Big bucks for region
THE resources sector contributed $526 million to the Wide Bay-Burnett region's economy in the past financial year, according to the Queensland Resources Council's sixth annual economic contribution report.
But spokeswoman of the newly formed Wide Bay Burnett Protection Alliance, Vicki Perrin, said it was a mere drop in the ocean of the Queensland economy.
The report, released yesterday by QRC chief executive Michael Roche with Treasurer Curtis Pitt, shows that the resources sector directly employed 1066 full-time employees in the Wide Bay-Burnett region in 2014-15 while a further 2654 full-time workers were indirectly employed.
When combined, the resources sector provides employment to 3720 full-time employees in Wide Bay-Burnett.
The report showed the sector was responsible directly and indirectly for one in every five dollars in the state's economy and one in every six jobs in Queensland.
"Despite the slump in commodity prices and the 'disrupt and delay' tactics of activist groups, it's heartening to see that a region like Wide Bay-Burnett can still have a significant portion of its workforce employed either directly or indirectly by the resources sector," Mr Roche said.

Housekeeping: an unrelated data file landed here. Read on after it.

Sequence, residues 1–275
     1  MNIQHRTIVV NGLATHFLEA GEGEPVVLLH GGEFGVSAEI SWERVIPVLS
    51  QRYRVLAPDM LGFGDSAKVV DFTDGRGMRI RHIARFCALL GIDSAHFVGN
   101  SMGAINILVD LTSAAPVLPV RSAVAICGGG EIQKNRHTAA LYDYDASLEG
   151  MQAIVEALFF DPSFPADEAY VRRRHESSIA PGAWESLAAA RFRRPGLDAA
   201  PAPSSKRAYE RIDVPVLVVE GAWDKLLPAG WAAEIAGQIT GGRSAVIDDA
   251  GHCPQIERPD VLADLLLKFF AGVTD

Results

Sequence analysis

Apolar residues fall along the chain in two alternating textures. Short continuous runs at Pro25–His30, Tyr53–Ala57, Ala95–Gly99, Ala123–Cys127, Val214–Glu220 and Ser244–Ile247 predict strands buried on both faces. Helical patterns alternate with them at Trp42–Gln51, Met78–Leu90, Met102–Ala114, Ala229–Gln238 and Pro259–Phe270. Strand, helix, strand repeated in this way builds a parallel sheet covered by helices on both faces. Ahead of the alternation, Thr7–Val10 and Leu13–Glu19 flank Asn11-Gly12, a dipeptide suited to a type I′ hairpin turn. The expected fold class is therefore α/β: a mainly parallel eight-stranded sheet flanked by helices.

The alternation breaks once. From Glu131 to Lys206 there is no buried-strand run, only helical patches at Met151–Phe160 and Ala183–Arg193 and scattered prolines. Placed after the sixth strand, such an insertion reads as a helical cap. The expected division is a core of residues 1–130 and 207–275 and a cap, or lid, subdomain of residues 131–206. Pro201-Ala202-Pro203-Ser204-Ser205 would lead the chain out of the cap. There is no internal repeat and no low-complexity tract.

Ms Perrin said mining in Australia employed less than 2% of our workforce so the idea that we place all our eggs in the mining basket makes no sense at all.
"Mining is known to crowd out other industries, sustainable industries like agriculture and tourism, industries that have been the backbone of our region for many years and could continue to grow," she said.
"Our region has had the mining carrot waved under it's nose for five years now. Where are the jobs?
Ms Perrin said this region was more than a quarry to be exploited by invasive extractive industries.
"Rather than protestor groups, our alliance of groups think of themselves as protectors. All over our country people are waking to the fact that the system that is there to protect us is failing.
"The system is failing our communities, our sustainable industries and our environment.
"Our future lies in sustainable industry, our past in Qld may have been coal, but it is certainly not our future," Ms Perrin said.
"The Queensland resources sector remains a tremendous good news story with a strong, ongoing operational future with our state well placed to supply an energy-hungry Asia which is still on a course of rapid modernisation," Mr Roche said.
He said the $526 million spent in the Wide Bay-Burnett region represented 4% of its gross regional product.
"What this means for the people of Wide Bay-Burnett is $132 million was paid in wages to 1066 full-time employees, with an additional 2654 indirect jobs also supported by resources, while $127 million was spent locally on goods and services and local taxes and charges," he said.
"This spending benefited 530 local businesses while resources companies made contributions that benefited 29 community organisations in the Wide Bay-Burnett region.
"Resources companies operating across Queensland also contributed a total of $2.1 billion to the state government, which was spent on vital services such as schools, roads and hospitals.
Wide Bay-Burnett's input was part of the $64.8 billion contribution by the resources sector to Queensland's economy in 2014-15.